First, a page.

• (4/5)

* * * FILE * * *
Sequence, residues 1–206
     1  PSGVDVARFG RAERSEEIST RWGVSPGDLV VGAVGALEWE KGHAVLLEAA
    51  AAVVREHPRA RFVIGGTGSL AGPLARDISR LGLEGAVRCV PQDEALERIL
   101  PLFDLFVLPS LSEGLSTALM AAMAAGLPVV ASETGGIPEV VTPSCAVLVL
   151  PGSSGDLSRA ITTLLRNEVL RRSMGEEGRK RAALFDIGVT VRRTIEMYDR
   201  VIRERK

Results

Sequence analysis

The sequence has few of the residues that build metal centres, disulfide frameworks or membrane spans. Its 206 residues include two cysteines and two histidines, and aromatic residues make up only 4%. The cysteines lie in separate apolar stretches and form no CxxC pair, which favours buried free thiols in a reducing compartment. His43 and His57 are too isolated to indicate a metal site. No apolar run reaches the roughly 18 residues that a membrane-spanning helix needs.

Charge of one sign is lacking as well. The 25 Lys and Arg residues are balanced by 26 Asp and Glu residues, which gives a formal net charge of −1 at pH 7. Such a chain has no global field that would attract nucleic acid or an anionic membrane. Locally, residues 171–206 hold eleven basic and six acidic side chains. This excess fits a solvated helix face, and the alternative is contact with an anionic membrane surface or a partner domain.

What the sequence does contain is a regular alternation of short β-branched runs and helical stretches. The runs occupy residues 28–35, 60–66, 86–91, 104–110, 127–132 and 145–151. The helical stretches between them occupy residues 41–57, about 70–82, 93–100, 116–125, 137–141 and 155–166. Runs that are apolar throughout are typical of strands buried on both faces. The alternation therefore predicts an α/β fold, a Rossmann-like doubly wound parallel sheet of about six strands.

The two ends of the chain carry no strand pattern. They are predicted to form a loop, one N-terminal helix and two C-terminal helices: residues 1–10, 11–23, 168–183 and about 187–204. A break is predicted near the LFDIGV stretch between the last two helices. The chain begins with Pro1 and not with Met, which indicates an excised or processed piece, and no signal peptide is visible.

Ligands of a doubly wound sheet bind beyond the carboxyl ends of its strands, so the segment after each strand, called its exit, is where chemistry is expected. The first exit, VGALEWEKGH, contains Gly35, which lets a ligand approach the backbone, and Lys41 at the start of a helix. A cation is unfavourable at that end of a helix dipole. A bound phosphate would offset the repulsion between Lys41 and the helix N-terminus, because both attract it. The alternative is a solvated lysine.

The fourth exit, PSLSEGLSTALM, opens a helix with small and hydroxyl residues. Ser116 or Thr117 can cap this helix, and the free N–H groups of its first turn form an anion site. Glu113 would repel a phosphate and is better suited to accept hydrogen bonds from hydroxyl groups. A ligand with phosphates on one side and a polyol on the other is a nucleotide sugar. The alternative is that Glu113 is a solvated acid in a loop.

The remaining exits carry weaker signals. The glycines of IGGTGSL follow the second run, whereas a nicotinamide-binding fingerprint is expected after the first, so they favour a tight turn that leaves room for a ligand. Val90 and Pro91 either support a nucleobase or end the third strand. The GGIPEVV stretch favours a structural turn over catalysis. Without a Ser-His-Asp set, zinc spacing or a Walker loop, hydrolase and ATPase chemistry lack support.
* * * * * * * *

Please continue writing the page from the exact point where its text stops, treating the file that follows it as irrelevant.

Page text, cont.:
This crime novel is full of twists and turns, with hardly a reliable narrator in the whole bunch of characters. The topic couldn’t be more timely. Jason Powell is a well-known economics prof at NYU and author of a best-selling book on “how to maximize profits by following guiding principles of morality and equality.” He has been accused of inappropriate sexual behavior by one of his interns, much to the surprise and disbelief of his wife Angela. Angela hates publicity in any case; she wants nothing more than to have a quiet life with her secret, traumatic past well hidden. But now that is all about to change.When another woman comes forward more formally to charge Jason, the case is investigated by Detective Corrine Duncan, a very competent woman who trades findings and insights with the prosecutor. As with any “he said, she said” case, it is difficult to tell who is telling the whole truth, but each and every character has a reason to lie, and when a dead body suddenly turns up, everything about it takes on a new, sinister turn.Discussion: I have not previously read books by this author, but I certainly intend to remedy that lapse. The author is a graduate of Stanford Law School and now teaches criminal law and procedure at Hofstra Law School. She worked as a judicial clerk, a trial lawyer, and as liaison to the police department, and clearly knows what she’s talking about. She presents the legal aspects of the book in a clear way without making those portions sound like an infodump. I also liked her portrayal of the female detective, who is well-rounded, strong, and intelligent. And of course I’m a sucker for a book with twists you don’t see coming.Evaluation: This entertaining crime novel will keep you turning the pages, and will delight you with all the plot complications you didn't see coming.